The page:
Challenges for Neighbors of Ghost Kitchens: Traffic Woes and More

Ghost kitchens, the rising trend in the food industry where multiple virtual restaurants operate out of a single shared kitchen space, have become a source of contention for neighbors in some locations. One notable example is Cloud Kitchens, backed by former Uber CEO Travis Kalanick, which operates more than 90 locations across the country.

While these kitchens offer convenience for delivery-focused restaurants, neighbors in proximity to these densely packed facilities report various challenges.

Specific Issues and Concerns:

  1. Traffic Congestion: High traffic volumes, especially during lunch and evening rush hours, have led to congestion on nearby streets. Double parking, idling, and blocked driveways have become common issues.
  2. Parking Problems: Insufficient parking space for delivery drivers and kitchen staff results in intense competition for limited spots, causing frustration and conflicts with neighbors.
  3. Safety Hazards: Increased traffic poses safety hazards, particularly for cyclists and pedestrians. Double parking and blocked bike lanes can create blind spots and impede safe passage.
  4. Verbal and Physical Altercations: Tensions often escalate, leading to verbal assaults and threats of physical violence. Neighbors express concerns about feeling unsafe in their own community.
  5. Unresponsive Operators: Some neighbors report unsuccessful attempts to work with ghost kitchen operators to address issues. Promised solutions, such as traffic management, were not consistently implemented or maintained.

Specific Case Examples:

1. Charter Oak Avenue, San Francisco:

  • Ghost Kitchen has been operated by Cloud Kitchens since around 2019.
  • Initially had traffic guards, but the support was short-lived.
  • Ongoing issues with verbal abuse, threats, and unresolved parking challenges.

2. North Oakland: Adeline Food Hall:

  • Mixed reviews from residents: Some see it as an improvement, while others cite traffic problems.
  • Complaints about double parking impacting cyclists and creating blind spots.
  • Initial promises of hiring staff to direct traffic were not fulfilled.

3. Jingletown, East Oakland: Oakland Food Hall:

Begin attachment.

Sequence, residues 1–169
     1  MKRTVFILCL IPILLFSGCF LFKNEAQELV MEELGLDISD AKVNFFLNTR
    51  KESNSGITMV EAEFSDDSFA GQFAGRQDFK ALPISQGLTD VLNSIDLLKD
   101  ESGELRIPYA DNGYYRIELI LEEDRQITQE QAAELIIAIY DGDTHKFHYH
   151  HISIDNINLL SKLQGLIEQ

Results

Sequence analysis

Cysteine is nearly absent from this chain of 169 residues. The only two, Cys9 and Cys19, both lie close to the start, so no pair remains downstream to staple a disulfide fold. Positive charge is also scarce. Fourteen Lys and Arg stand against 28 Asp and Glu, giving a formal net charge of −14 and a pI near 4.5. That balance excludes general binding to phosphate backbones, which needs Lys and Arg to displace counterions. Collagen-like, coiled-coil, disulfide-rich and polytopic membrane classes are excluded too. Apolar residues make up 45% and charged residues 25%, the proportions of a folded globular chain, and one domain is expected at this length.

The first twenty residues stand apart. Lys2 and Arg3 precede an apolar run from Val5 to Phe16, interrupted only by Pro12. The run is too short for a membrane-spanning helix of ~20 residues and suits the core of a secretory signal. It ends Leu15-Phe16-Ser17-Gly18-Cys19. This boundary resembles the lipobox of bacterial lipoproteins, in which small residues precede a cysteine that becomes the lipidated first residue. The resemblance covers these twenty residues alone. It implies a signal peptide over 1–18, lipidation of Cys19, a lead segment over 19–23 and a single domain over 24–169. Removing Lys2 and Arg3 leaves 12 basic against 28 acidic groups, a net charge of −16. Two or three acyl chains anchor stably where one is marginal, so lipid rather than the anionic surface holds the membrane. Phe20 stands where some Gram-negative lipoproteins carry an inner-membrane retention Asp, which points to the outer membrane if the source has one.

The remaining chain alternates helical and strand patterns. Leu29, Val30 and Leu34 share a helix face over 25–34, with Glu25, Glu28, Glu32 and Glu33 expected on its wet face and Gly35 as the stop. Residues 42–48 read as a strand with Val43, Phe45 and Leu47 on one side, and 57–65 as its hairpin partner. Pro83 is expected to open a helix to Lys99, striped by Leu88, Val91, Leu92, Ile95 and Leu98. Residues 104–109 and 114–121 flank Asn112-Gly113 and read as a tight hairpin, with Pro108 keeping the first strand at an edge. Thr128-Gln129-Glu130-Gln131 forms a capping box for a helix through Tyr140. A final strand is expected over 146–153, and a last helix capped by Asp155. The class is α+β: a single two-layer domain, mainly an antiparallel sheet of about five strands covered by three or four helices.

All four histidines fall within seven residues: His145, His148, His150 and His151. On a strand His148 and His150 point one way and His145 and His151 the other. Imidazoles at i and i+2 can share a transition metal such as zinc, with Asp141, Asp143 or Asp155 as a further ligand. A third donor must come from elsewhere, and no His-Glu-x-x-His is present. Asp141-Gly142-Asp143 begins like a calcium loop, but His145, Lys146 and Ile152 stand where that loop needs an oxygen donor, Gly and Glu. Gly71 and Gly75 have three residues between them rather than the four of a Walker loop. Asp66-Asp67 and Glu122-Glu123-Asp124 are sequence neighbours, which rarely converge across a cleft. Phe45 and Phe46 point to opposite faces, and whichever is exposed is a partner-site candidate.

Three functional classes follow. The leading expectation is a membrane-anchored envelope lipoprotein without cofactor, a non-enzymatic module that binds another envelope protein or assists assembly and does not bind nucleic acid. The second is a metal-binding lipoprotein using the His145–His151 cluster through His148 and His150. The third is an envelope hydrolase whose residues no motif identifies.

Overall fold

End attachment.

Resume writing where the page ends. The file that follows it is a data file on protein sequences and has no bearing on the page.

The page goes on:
• Dedicated off-street parking available for delivery drivers.
  • Successfully directed drivers to designated parking spots, resolving traffic-related issues.

Community Efforts and City Response:

  • City Complaints and 311 Calls: Neighbors regularly contact city services, such as the 311 line, and local police to report issues. However, some report minimal or no response from authorities.
  • Neighborhood Associations’ Initiatives: Residents and neighborhood associations attempt to work with ghost kitchen operators and involve city officials to address concerns. However, results vary, and issues persist in some locations.
  • City Zoning Challenges: The unique business model of ghost kitchens, with high traffic and minimal seating, doesn’t neatly fit into existing zoning regulations. Some neighbors believe that cities are adopting a wait-and-see approach to address the challenges associated with these emerging business models.


While ghost kitchens offer innovative solutions for the food industry, their impact on local communities cannot be overlooked. Neighbors’ concerns range from traffic congestion and parking difficulties to safety hazards and strained relationships with operators.

As the industry continues to evolve, finding a balance that addresses the needs of both businesses and communities becomes crucial. The resolution may involve refining zoning regulations, proactive city engagement, and collaborative efforts between ghost kitchen operators and their neighbors.

Scroll to Top